We can wait on the 3rd Party licence. It’d be nice to get that sooner rather than later. But it doesn’t affect everyone. We do need a fan policy now, or as soon as possible. Fans need to know – in plain English – where the line for acceptable content ends.
Is posting a new subclass or subrace okay? Is posting details of your home game online? Is posting an adventure? Is reprinting monster stat blocks? Is updating an adventure from an older edition? Is updating races, classes, NPCs, spells, or magic items from an adventure or campaign setting okay? Is using proper names and trademarks of WotC permissible? Is using the trade dress of D&D, such as logos and appearance of monster stat blocks, allowed or discouraged?
ENWorld is operating assuming the adventure conversion licence released during 3.0 is still okay, and trusting WotC is alright with that. There are lots of blogs (mine included) releasing 5e content and hoping WotC doesn’t draw offence. Even stuff like the character generators being C+Ded would help if WotC prioritized a non-commercial policy.
For example, Paizo has two policies. They use the OGL for publishing. And they have a community use policy for their fans (http://paizo.com/paizo/about/communityuse). This policy allows fans to publish content using terms that are defined as “product identity”, including their campaign setting of Golarion, its gods, and the like. You can do some great stuff with the community use policy, but you cannot charge for anything (or, as d20pfsrd.com learned, operate an e-store).
Explicitly being able to use campaign settings terminology would be a relief for the many fan sites for D&D’s assorted worlds.
I remember when 4e was released I was antsy waiting for the “new OGL” to be released. It took what felt like forever. But, really, it was 7 business days after the books released: June 17th vs June 6th. (The fan site licence did take much, much longer though.) I was unemployed at the time, so I had too much free time to sit and glare at the computer while waiting for the release. It’s funny to think back at the month or so of longing, while it’s been five months since the PHB released and two months since the DMG dropped and still nothing. This was likely because they promised the licence would be released prior to the books and missed that deadline…
I imagine the delay with the GSL and with the current licence is the same: wrangling between Hasbro and WotC’s legal departments. The latter being somewhat removed from the nuances of RPG game publishing and the former likely having no idea at all. WotC is first a foremost a CCG company, and their lawyers are likely much, much more familiar publishing card games, which is very different from D&D. The idea of allowing fan to legally make Magic cards is weird, let alone 3rd Parties release sets.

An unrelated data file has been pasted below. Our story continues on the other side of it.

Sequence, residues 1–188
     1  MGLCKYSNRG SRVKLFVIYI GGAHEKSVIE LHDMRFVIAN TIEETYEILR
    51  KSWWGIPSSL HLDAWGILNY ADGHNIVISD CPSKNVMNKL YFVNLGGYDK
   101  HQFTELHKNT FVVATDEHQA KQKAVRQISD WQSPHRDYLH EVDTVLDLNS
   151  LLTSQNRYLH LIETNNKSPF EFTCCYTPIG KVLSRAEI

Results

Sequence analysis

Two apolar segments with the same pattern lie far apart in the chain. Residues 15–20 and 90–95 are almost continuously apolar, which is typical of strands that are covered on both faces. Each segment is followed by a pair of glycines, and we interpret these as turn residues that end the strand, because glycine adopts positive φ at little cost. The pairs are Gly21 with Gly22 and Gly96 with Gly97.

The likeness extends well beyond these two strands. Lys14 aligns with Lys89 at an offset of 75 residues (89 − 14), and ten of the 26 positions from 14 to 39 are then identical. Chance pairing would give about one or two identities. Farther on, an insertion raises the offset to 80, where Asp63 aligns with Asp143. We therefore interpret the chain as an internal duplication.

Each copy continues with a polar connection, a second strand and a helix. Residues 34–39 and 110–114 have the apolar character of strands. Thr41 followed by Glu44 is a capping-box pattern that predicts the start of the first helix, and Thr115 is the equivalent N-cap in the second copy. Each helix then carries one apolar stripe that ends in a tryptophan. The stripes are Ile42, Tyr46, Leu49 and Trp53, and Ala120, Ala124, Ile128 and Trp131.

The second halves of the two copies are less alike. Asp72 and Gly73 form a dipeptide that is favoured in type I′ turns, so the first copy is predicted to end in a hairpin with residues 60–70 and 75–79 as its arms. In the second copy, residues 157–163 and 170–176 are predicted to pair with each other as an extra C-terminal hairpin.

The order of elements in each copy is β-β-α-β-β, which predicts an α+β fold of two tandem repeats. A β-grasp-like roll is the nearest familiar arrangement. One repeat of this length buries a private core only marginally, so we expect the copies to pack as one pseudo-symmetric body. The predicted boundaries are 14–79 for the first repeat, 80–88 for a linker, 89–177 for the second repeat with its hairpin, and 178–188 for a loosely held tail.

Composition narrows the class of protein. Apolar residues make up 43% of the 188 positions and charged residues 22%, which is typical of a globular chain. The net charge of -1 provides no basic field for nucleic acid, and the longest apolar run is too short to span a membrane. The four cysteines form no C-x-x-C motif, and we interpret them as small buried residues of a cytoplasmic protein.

You likely have the D&D team saying what they want out of the policy and sending that to the WotC lawyers, who then poke away at it when they have free moments between their real job of handling Magic and Duel Masters’ concerns. Then they send it back to the D&D team to approve, who likely make changes and send it back to legal. Once that’s hashed out between the two departments it’s likely sent to the first layer of management who wants to make changes and justify their managerial authority starting the cycle again. When those three are happy it goes to the second layer of management. Repeat. From there things move to the Hasbro legal team, who is even less likely to prioritize the document. They make changes and slowly the document works its way back to the D&D team. That whole cycle likely takes a good month or two. And every time plans for D&D change, those changes have to be incorporated into the licence and things are delayed again.
For example, the D&D team is planning to release the genasi and other Elemental Evil content as a free PDF on its website. Should that be “open” in terms of the licence? Bam! Two month delay while we wait for the revision to be rubber stamped.
This started as a short forum post and quickly ballooned in size. As someone writing content, both for this blog and for a Ravenloft fan site, I’d really like to know what I can safely do and what will see me hit with a C+D.
And I’m sure I’m not alone.